The images are reproduced at a generous size and evoke a bygone era of glamour. Who wouldn't want a time machine in order to see The Woman God Changed, a 1921 barn-burner; in Ike Checketts' poster, star Seena Owen looks like she stepped out of a Klimt painting.
Sadly, much of silent-film history is simply lost, since so many prints were neglected, discarded and destroyed (or disintegrated on their own, thanks to nitrate stock). Silent Movies: The Birth of Film and the Triumph of Movie Culture by Peter Kobel (Little, Brown and Company; $45 cloth) gives a wondrous glimpse at what we've been missing all these years since sound.
Drawing on the holdings of the Library of Congress, the book charts the silent era, from the early technical developments like the Electrotachyscope to the first studios, stars and directors. Kobel provides a solid overview of the period, but the pictures really tell the story. A pensive photo portrait of a half-clad Louise Brooks in her trademark flapper bob captures some of her still-fresh sensuality. A still from Cecil B. DeMille's The King of Kings is so full of perfectly posed costumed extras that it looks like one of Jeff Wall's elaborately staged panorama photographs.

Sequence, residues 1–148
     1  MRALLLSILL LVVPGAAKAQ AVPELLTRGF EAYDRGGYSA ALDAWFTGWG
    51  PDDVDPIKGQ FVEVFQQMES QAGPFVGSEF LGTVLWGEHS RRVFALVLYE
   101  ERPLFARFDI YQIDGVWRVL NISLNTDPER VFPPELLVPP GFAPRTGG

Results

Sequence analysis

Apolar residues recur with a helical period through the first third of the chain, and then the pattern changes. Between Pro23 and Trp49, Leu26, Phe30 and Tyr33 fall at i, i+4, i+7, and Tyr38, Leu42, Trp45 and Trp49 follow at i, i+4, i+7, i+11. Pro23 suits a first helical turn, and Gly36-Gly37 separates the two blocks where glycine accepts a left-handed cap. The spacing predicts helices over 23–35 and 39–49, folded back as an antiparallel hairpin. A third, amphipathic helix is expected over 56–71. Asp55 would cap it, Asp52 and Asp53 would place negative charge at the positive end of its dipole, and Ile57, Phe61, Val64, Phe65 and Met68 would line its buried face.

Proving that Lindsay Lohan and Paris Hilton aren't the first stars to get into trouble, a poster touts a forgotten feature called The Speed Girl, based on star Bebe Daniels many run-ins with traffic cops. Most intriguing of all is an image of a girl prisoner adjusting her stockings from DeMille's juvie epic The Godless Girl, in which "a high school riot between Christians and atheists lands the leaders of the two groups in a state reformatory." At last, a movie that even Christopher Hitchens could love.
(And in silents news: On Dec. 1 at the Silent Film Festival at the Castro Theatre in San Francisco, Anthony Slide will sign copies of Now Playing, and Christel Schmidt, one of the editors of Silent Movies will appear. See page 75 for details.)